introduction to cells, tissues, organs and 8/science 8 unit 4 life... · pdf...
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Introduction to Cells, Tissues,
Organs and Systems
304-7 Explain structural and functional relationships
between and among cells, tissues, organs and
systems in the human body
110-2 Compare the early idea that living organisms
were made of air, fire and water with the modern cell
In previous grades when you have studied living things, you have not broken them down into their smallest units, cells. However, this year, you get to learn about the cell in great detail.
We will explore how the cell is important to life and we will explore the human body to see how cells make tissues, tissues make organs, organs make systems and the systems make the body.
A long time ago
A couple thousand years ago, people
could not study Biology like we do today.
They did not have the technology that we
have, but they were smart for their time.
Aristotle (born in 384 B.C.), a philosopher
and scientist of the ancient times thought
that all substances were compounds of
four elements: earth, water, air and fire.
He thought for instance that humans were
made of earth, which gave material
strength and weight; fire, which provided
warmth; water, which accounted for blood
and other bodily fluids; and air, which filled
the lungs and provided the breath of life.
Of course, some people were more
earthly, fiery, airy, or watery than others.
This is a neat idea and we can see why he
may have thought these things.
What do you think we are made of?
Now with the technology that we have, we
can break matter down smaller than in the
ancient times and we now know that living
things are made of cells.
This is called Cell Theory the idea that
cells are the basic unit of structure of
every living thing.
Red Blood Cells
White Blood Cells
Nerve Cells Generalized Cell
Cells are the smallest independent units of
life, and all life depends on the many
activities of that cells perform.
Some basic functions of cells include:
growth, metabolism, and reproduction.
Cells range from 5 micrometers (sperm) to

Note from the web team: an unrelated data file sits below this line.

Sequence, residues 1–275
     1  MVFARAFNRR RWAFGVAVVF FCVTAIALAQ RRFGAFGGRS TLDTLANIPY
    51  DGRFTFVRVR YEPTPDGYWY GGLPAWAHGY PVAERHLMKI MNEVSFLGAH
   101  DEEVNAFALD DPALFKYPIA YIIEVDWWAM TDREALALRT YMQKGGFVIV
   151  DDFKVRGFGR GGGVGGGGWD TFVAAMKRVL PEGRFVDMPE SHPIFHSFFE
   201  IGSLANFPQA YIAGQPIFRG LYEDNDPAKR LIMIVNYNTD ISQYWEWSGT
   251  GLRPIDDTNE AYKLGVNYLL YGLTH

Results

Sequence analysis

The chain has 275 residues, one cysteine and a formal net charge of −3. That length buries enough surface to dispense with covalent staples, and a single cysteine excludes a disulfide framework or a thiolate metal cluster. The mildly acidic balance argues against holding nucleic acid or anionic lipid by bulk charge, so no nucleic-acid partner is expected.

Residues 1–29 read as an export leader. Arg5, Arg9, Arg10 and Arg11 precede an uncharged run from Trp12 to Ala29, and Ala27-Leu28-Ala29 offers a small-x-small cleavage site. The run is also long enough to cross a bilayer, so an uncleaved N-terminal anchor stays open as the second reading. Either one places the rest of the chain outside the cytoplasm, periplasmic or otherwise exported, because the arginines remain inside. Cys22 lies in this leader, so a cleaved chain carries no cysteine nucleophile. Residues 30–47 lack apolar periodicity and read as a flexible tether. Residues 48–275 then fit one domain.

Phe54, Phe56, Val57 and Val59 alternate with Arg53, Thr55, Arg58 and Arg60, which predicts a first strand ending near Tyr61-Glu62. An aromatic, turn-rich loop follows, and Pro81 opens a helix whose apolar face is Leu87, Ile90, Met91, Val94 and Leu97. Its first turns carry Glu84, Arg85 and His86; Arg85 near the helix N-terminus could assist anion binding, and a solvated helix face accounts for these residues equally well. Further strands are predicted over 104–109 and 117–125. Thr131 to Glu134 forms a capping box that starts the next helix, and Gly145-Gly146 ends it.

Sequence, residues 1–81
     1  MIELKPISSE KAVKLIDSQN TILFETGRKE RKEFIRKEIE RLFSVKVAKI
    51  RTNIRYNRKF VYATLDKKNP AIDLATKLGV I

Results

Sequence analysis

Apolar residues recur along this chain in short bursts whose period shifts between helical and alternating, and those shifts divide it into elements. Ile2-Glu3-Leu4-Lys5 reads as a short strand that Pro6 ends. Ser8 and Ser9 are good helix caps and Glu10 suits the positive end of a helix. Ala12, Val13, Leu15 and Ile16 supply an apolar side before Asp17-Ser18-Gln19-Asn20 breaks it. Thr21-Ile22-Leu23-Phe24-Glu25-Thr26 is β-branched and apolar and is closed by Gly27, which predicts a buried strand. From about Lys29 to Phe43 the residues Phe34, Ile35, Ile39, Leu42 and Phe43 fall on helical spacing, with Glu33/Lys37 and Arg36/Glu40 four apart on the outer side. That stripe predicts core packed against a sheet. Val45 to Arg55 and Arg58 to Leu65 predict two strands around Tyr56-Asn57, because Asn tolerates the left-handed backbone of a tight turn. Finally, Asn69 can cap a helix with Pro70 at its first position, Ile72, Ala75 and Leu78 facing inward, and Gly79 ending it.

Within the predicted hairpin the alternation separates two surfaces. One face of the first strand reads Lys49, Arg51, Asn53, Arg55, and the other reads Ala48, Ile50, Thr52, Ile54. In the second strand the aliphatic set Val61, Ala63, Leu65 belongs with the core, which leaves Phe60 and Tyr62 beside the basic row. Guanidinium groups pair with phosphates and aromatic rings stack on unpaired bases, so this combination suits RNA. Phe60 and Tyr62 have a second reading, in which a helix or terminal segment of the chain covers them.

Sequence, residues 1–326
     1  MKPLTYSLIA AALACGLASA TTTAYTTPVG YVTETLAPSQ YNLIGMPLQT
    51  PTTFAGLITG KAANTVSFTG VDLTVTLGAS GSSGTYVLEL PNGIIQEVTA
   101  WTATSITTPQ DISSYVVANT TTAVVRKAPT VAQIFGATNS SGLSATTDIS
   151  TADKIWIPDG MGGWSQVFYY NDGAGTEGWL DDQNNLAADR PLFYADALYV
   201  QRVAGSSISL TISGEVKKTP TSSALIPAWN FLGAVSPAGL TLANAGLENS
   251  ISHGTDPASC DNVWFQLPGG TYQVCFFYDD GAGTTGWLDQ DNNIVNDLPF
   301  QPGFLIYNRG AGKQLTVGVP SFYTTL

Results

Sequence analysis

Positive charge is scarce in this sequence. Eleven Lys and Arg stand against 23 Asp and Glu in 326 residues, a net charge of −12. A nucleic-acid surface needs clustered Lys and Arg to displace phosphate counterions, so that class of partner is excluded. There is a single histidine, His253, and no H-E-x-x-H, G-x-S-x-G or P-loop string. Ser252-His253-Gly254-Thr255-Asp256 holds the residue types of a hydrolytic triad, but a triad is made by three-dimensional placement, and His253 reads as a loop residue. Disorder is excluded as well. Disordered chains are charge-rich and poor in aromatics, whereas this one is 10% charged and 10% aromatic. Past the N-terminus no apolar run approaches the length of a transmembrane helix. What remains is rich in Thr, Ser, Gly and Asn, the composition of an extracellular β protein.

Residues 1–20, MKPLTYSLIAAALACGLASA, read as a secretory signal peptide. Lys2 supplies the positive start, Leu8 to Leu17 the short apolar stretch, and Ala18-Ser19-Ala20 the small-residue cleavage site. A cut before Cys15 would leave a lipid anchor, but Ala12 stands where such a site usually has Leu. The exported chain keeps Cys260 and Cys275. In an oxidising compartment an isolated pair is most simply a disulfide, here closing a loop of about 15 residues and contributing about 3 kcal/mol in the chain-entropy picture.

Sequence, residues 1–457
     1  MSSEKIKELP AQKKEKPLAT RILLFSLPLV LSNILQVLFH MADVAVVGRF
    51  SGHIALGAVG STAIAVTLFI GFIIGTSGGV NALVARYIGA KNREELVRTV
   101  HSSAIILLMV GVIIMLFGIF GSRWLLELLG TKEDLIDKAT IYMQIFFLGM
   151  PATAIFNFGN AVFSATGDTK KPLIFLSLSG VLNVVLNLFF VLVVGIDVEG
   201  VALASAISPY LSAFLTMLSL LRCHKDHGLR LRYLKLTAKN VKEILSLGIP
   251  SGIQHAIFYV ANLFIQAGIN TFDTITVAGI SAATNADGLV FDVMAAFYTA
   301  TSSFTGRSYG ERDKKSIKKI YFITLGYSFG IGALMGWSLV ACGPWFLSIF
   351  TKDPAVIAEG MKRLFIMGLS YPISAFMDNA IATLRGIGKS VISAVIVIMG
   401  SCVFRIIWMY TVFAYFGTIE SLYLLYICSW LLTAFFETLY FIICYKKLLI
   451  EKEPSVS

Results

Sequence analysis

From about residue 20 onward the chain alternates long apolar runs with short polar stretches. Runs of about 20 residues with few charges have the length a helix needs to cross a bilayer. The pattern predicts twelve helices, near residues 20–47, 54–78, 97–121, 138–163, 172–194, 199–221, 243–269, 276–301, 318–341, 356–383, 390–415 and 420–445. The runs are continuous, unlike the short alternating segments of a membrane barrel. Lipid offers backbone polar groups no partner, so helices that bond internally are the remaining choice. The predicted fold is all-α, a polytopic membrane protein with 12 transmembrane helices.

more than a meter (some nerve cells).
In the cell
The cell is like its own little body that has mini-organs that keep it alive. These include:
Cytosol water, proteins, nutrients, waste products, glycogen granules and lipid droplets
Ribosomes RNA and proteins
Mitochondria proteins and lipids
* These are only some examples
Tissues are made up of many similar cells
that perform a specific function. Tissues
are divided into four groups: epithelial
(skin, linings, protective), connective
(bones and tendons, connects and
supports body), muscle (skeletal, smooth
and cardiac, produces movement) and
nervous (brain, spinal cord and nerves,
responds to stimuli and transmits signals).
Organs are a collection of two or more kinds of
tissues that work together to perform a certain
Epithelial tissue lines the stomach to protect it
Smooth muscle tissue churns food
Nervous tissue transmits nerve impulses that
coordinate muscle contractions
Connective tissue holds all other tissues together
A group of organs that work together to
perform a major function.
Example: The respiratory system contains several organs that provide a mechanism
for exchange of oxygen and carbon dioxide between
the outside the body and the blood inside
Cardiovascular (heart, blood, blood vessels)
Endocrine (ductless glands)
Nervous (brain, spinal cord,
peripheral nerves, sensory organs)
Muscular (skeletal, smooth,
Integumentary (skin, hair, nails,
sweat and oil glands)
Skeletal (bones and cartilage)
Respiratory (airways, lungs)
Digestive (stomach, intestines,
other digestive structures)
Excretory (kidneys, ureters,
urinary bladder, urethra)
Reproductive (ovaries, testes, reproductive
cells, accessory glands and ducts)
Lymphatic (glands, lymph nodes,
lymph, lymphatic vessels)
What are the common structures that make up
all living things?
What do you think are the basic materials
involved in the metabolism of all cells?
Food, Oxygen, Carbon Dioxide and Water
What do you think happens when cells use up their food and oxygen before there is time to replenish it?
The cells can not function death.
The "strongest" human muscle
Since three factors affect muscular strength simultaneously and muscles
never work individually, it is misleading to compare strength in individual
muscles, and state that one is the "strongest".
1. lifting a weight - the jaw muscle is the strongest.
2. If "strength" refers to the force exerted by the muscle itself - the
quadriceps femoris or the gluteus maximus.
3. A shorter muscle will be stronger "pound for pound" (i.e., by weight) than
a longer muscle - during childbirth, the uterus exerts 100 to 400 N (25 to
100 lbf) of downward force with each contraction.
4. The external muscles of the eye are large and strong in relation to the
small size and weight of the eyeball. It is frequently said that they are "the
strongest muscles for the job they have to do" and are sometimes claimed
to be "100 times stronger than they need to be."
The statement that "the tongue is the strongest muscle in the body"
appears frequently in lists of surprising facts, but it is difficult to find any
definition of "strength" that would make this statement true. Note that the
tongue consists of eight muscles, not one.
5. The heart has a claim to being the muscle that performs the largest
quantity of physical work in the course of a lifetime.http://en.wikipedia.org/wiki/Jawhttp://en.wikipedia.org/wiki/Quadricepshttp://en.wikipedia.org/wiki/Gluteus_maximushttp://en.wikipedia.org/wiki/Masshttp://en.wikipedia.org/wiki/Human_eyeballhttp://en.wikipedia.org/wiki/Tonguehttp://en.wikipedia.org/wiki/Heart